Though reports may vary, what remains certain is that eight songs were recorded for Oasis’ initial demo tape. These tracks were later featured on the 20th-anniversary edition of Oasis’ debut album, ‘Definitely Maybe,’ and were part of the Live Demonstration. The tracklisting includes ‘Cloudburst’ (later released as the B-side to ‘Live Forever’), ‘Columbia,’ ‘D’yer Wanna Be A Spaceman?’ (the B-side for ‘Shakermaker’), ‘Strange Thing,’ ‘Bring It On Down,’ ‘Married With Children,’ ‘Fade Away’ (B-side to ‘Cigarettes & Alcohol’), and ‘Rock’n’Roll Star.’ Oasis garnered attention and secured a deal with Creation Records after being discovered by Alan McGee, the label’s boss, who accidentally caught their performance at King Tut’s Wah Wah Hut in Glasgow in May 1993. Throughout 1994, including a memorable performance at London’s legendary 100 Club, Oasis rose to prominence.

The limited edition white label release of ‘Columbia’ was succeeded by their official debut single, ‘Supersonic,’ in April 1994, reaching No. 31 in the U.K. singles charts. The subsequent release, ‘Shakermaker,’ arrived two months later, missing the Top 10 by one place. Their third single, ‘Live Forever,’ marked a turning point, achieving what its predecessor hadn’t.

With the onset of Oasismania, their debut album, ‘Definitely Maybe,’ made a grand entrance into the U.K. album chart at Number 1 upon its August 1994 release, securing its place as the fastest-selling debut album in the U.K. then.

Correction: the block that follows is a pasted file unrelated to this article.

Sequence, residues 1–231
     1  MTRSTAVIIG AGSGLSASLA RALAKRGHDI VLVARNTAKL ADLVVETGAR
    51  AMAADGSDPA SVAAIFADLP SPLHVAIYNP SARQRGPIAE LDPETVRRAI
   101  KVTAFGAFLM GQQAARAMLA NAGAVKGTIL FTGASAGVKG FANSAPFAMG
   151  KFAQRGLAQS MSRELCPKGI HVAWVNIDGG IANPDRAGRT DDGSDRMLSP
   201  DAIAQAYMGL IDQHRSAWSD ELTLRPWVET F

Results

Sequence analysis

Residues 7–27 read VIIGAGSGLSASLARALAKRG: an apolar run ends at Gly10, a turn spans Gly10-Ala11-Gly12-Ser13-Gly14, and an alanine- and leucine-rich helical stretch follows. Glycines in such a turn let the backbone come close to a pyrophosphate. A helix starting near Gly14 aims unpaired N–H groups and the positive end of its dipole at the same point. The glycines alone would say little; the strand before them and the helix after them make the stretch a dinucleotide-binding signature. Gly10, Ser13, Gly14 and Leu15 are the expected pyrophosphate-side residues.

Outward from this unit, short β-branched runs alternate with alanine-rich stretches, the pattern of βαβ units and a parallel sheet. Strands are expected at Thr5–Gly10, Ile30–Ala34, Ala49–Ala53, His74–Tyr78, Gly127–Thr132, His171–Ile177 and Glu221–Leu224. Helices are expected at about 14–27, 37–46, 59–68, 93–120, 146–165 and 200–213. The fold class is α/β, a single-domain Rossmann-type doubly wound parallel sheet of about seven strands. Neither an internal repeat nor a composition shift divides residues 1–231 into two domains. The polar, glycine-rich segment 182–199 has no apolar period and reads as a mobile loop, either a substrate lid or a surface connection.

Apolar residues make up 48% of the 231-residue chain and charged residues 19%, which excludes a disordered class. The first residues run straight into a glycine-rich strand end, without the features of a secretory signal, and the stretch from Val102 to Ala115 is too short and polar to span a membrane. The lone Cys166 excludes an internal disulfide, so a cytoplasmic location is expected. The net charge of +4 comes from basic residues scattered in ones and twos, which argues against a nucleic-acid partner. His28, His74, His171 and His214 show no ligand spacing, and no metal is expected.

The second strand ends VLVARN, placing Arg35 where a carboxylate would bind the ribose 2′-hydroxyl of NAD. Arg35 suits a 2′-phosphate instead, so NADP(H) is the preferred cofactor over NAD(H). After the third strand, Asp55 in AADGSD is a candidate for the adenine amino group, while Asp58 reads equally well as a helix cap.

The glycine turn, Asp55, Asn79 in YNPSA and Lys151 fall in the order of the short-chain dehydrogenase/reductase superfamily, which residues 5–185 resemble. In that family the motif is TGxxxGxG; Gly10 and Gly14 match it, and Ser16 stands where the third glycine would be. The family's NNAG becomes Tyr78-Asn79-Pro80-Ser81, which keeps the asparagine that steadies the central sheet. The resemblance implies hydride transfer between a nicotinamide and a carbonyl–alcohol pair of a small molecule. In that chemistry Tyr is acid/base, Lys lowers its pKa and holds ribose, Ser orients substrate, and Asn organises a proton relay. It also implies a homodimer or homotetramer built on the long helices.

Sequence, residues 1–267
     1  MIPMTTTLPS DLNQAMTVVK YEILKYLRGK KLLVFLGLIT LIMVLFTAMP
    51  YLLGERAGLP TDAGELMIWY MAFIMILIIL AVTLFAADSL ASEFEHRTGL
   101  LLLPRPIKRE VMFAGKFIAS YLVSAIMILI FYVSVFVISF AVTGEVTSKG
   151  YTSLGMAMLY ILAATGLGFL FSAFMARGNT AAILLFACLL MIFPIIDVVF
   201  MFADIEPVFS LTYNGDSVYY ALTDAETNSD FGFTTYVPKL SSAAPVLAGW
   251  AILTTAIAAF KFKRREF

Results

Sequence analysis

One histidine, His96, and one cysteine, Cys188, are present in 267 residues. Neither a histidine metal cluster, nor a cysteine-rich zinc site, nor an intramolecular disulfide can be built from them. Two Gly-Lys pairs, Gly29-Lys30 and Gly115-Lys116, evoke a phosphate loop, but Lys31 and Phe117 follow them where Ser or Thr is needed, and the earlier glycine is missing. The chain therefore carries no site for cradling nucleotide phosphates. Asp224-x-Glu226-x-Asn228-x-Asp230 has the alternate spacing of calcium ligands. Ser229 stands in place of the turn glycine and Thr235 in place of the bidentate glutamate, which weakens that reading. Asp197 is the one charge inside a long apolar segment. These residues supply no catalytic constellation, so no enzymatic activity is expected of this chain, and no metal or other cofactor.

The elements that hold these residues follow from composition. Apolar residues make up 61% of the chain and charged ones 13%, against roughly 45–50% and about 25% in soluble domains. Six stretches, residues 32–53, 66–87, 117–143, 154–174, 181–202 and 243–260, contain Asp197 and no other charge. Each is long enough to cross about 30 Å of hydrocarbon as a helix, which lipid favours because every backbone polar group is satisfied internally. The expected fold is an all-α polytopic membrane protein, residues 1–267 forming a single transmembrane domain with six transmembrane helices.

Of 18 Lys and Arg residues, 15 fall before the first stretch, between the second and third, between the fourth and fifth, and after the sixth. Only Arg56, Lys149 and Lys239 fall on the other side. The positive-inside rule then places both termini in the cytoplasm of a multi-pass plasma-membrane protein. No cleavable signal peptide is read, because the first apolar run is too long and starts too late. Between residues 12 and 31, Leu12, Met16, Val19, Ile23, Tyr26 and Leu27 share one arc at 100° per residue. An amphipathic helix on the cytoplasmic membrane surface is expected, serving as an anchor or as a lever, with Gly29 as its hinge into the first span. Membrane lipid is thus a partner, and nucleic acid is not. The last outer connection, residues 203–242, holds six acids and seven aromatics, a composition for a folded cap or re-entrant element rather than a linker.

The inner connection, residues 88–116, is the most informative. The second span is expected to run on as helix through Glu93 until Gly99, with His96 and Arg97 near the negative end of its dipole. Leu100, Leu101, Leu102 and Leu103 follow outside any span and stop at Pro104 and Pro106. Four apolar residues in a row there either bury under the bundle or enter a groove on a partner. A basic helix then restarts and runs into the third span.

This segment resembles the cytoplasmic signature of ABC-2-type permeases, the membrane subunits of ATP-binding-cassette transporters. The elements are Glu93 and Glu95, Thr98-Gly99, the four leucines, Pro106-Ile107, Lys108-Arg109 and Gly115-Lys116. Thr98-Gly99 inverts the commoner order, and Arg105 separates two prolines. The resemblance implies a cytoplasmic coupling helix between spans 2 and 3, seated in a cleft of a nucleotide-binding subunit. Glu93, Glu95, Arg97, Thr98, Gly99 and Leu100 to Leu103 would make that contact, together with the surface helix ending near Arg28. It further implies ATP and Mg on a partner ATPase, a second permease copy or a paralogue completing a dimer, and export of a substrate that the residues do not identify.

Slipknot’s inception traces back to September 1995, when Anders (Colsefni) and Shawn (Crahan) initiated the journey. The duo, known for their frequent hangouts and shared interest in playing Werewolf: The Apocalypse (RPG), drew inspiration for many lyrics in MFKR from their gaming sessions.

During one winter, while welding in Shawn’s garage, Anders and Shawn discussed forming a new band. Both being drummers at the time (with Anders having prior experience as a vocalist), they aspired to create a group incorporating additional stand-up percussion. Anders reached out to Paul Grey, who was in L.A. then, persuading him to return to Des Moines and join the venture. This collaboration wasn’t their first attempt, as they had made similar efforts back in 1991, even composing early songs like “Slipknot” and “Gently.” However, the project had to be shelved due to Shawn’s prior commitments.